So, take that problem job and try to up the rate or move the deadline. Be fair, don't shortchange them, just don't be as acommodating as before. Mind your need for sleep and free time, or give yourself an 8-hour day, 40-hour week, occasional holidays, you get the point. Or, if they're a new client and you know they have the money, then don't charge them the same rate you've been charging everybody for years on years now for the same work — raise it in due proportion to your increasing experience. And inflation. And everything else.

In other words, stop giving so much **** about 'being competitive'. Allow yourself to be less competitive. In the meaning they attach to it anyway.

(Remember that, in the real world, you're competitive or not depending on whether you win the competition. Not depending on whether someone says you are.)

There is a good chance you will get those higher rates and longer deadlines, if you actually try. You should try, if only to know more or less where you stand. And remember that you can always grant a discount on the invoice or deliver early or even agree to grant them a one-off discount if you become convinced that their reasons are sound, that their cause is a legitimate one.

Most people who will turn tail and pass up on you are going to be those on the lookout for a cheaper provider, not really the few people who have a real need but too much pride to ask for a discount (hint: if their statements are public record and they've been awarding juicy bonuses to their management, they are not in dire need), so don't worry too much about that. You can still make it clear (somewhere, somehow), that discretionary reductions and otherwise unique terms are available on a case-by-case basis to clients who can show a legitimate need without being able to pay the normal fee. That will keep the needy in and the bargain seekers out.


What else can you do?

Yeah, it's not all wrestling about the fees. Supply and demand can be influenced — or brought out — in subtler ways that don't involve violence.

I say 'brought out' because the advantages of what you already provide — the good features and the useful benefits of it — are often hidden and underappreciated, and it's up to you to change that state of things as opposed to simply heaping even more at an even lower price.

Thus you may need to do more work to make sure that clients realize just how much they're getting from you — or how much more they're getting from you than from someone else.

Many of them will still try to get it cheaper, that's sort of how human nature is, at least for some humans. The trick is to not cave in the moment they say that (to try costs them nothing, so in a certain sense they would be stupid if they didn't), but instead reiterate the value that you provide and the fact that your prices are already quite reasonable and (if true) that many other clients are perfectly willing to pay them (which means they see the value).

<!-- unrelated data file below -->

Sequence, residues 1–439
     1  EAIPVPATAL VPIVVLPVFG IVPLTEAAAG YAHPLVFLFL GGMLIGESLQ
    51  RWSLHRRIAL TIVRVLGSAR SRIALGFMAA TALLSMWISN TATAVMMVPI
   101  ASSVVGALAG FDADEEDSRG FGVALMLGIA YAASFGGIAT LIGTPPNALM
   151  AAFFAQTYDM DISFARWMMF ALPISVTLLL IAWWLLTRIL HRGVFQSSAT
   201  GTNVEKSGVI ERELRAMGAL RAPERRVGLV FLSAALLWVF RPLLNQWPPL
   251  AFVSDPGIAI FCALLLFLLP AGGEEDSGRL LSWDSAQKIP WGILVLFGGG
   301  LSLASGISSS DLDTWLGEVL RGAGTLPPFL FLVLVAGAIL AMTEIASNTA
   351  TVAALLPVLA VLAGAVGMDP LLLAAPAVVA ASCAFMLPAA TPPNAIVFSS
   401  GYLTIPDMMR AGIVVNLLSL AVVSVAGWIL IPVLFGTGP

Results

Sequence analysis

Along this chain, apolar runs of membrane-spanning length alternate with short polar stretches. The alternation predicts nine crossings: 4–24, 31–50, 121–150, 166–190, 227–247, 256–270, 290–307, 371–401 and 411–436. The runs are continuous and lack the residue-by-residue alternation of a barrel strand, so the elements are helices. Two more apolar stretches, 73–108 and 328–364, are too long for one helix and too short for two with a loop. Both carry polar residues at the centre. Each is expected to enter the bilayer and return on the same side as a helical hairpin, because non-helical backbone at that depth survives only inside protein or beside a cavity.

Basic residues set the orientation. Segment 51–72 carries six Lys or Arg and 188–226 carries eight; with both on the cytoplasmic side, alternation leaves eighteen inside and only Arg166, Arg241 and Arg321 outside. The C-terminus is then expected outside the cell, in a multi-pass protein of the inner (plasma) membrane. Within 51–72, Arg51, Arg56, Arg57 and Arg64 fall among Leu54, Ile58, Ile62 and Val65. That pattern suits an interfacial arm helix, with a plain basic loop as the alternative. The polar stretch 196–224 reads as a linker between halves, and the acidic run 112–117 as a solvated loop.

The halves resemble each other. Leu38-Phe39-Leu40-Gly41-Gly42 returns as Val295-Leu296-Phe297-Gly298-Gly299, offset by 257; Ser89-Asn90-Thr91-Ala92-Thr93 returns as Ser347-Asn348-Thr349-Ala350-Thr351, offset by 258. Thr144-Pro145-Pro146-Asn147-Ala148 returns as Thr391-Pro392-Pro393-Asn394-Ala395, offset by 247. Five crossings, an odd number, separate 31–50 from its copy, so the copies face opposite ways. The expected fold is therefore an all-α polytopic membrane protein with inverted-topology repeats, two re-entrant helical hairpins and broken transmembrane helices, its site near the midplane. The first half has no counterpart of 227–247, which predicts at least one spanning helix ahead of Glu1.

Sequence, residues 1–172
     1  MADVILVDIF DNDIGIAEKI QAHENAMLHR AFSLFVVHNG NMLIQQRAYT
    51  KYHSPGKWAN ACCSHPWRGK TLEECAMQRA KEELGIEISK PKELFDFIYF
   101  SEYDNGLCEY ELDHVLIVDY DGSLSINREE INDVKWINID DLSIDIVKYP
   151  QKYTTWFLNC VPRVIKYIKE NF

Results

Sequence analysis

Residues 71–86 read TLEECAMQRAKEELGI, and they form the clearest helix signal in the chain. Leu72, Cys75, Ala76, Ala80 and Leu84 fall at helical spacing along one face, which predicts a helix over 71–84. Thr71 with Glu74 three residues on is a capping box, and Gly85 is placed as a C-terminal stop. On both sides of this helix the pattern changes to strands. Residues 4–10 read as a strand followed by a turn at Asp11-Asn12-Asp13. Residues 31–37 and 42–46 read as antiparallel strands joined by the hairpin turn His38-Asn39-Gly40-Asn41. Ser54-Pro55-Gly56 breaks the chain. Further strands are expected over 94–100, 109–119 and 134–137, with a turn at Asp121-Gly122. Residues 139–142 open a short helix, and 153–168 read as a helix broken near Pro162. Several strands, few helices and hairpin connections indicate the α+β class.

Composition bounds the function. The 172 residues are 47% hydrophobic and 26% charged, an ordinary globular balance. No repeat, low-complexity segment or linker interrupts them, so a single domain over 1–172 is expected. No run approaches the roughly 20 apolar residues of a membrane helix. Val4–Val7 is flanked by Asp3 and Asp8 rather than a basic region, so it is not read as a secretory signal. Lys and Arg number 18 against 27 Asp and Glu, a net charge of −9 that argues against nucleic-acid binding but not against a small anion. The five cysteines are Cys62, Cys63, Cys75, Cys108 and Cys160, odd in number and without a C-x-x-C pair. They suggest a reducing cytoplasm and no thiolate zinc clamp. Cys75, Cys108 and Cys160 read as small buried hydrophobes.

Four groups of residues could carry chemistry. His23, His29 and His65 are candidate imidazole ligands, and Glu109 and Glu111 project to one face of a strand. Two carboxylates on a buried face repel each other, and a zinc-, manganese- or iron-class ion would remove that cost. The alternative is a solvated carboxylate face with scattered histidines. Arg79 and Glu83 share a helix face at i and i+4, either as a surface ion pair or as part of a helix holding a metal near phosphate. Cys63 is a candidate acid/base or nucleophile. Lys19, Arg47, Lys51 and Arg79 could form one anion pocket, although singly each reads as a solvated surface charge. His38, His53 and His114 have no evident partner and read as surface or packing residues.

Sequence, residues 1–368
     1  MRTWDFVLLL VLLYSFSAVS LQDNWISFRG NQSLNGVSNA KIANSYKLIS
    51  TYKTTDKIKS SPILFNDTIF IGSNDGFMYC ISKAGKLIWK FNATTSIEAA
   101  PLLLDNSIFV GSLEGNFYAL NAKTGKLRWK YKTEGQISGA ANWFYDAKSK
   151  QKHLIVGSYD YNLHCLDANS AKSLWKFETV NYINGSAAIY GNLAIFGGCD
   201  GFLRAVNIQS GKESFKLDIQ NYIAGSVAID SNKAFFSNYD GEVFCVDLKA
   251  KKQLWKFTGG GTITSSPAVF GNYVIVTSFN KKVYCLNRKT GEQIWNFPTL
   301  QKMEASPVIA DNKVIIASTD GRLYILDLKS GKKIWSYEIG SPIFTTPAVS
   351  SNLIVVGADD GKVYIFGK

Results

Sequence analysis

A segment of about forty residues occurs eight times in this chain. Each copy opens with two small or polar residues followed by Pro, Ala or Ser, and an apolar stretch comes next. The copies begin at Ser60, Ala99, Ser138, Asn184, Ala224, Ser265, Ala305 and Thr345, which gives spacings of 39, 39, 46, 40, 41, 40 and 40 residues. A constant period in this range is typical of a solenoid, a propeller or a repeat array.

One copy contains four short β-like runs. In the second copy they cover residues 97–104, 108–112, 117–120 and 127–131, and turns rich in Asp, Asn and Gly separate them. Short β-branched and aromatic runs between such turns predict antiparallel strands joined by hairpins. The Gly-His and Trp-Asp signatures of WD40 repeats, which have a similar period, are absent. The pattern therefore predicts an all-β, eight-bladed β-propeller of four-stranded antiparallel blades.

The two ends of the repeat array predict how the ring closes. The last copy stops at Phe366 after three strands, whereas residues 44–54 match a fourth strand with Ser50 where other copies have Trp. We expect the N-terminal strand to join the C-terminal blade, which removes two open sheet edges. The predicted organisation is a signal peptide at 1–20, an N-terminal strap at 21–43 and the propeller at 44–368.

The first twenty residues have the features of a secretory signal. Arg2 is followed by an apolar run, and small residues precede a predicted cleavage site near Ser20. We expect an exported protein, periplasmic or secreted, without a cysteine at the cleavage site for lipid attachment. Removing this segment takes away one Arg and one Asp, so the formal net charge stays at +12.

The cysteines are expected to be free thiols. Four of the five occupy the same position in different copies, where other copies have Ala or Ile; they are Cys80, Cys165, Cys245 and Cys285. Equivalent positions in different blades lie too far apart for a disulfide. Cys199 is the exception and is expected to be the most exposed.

A client who already sees he's getting a good bargain but would like to turn it into an even better one doesn't have too many strong arguments to show for it, and chances are that if things were to resort to open violence you would come out on the top. Especially if he already is getting better terms from you than anyone else is giving. There is an old Latin saying: quod gratis asseritur, gratis negatur. If someone asserts something without proof, you don't need proof to negate it. You just negate it.

Remember that in such situations the burden is on them to convince you. You discharge your own burden by simply quoting a fee that falls within the market standard or as much higher than it as your qualifications are or the difficulty of the job is. Anything more favourable to the client is for the client to justify, and you have no obligation to give him an A for effort.


To prove your qualifications, data in on objective, legible and concise format are always good. Just pile up the degrees and accreditations and certificates and years of experience and testimonials from happy clients (both the content and the sheer number matters). That is something your client cannot claim to disbelieve or challenge without a good foundation.

Also include samples so that you can refer your prospects to them instead of translating something new for them free of charge for their proofreader's reviewing pleasure.

Speaking of which, obviously, just about any random QA'er from a translation agency or business company is not going to test you more reliably than your professors at university and your state examiners and exam boards at professional associations already have done, unless the test is more difficult and the reviewer is more qualified than your previous examiners were, which is simply not very likely.

It's only that some of your prospects may prefer to have the privelege of acting unreasonably and disbelieving anything which they haven't personally put their hands on — and very literally so because they won't even accept credible documents from respectable institutions in lieu of a first-hand check. Guess what? You don't really have to put up with that sort of treatment. (Unless you actually have to.)

It's kinda like maths. You don't need to prove that 5000 words times 0.12 a word makes 600 to pay. That's just the kind of thing you just don't have to prove in the face of feigned or even actual disbelief.

But you will still need to use your own good sense to find out where the limits are because making conclusions about your skill level on the basis of your papers is a bit less forward than simple arithmetics. It just isn't some kind of murky waters of non-knowledge and uncertainty that somehow means you should be charging peanuts because your actual qualifications are intangible. And even if they were.


Finally, you don't need to talk business. At least not only it and not all the time. I suggest you do read a bunch of course materials about the basics of economy, management and marketing just to know the setting you work in (and if you do business translation, you need that knowledge anyway), but instead of focusing solely on the business terms that are native to your clients, you also use terms that are native to your art.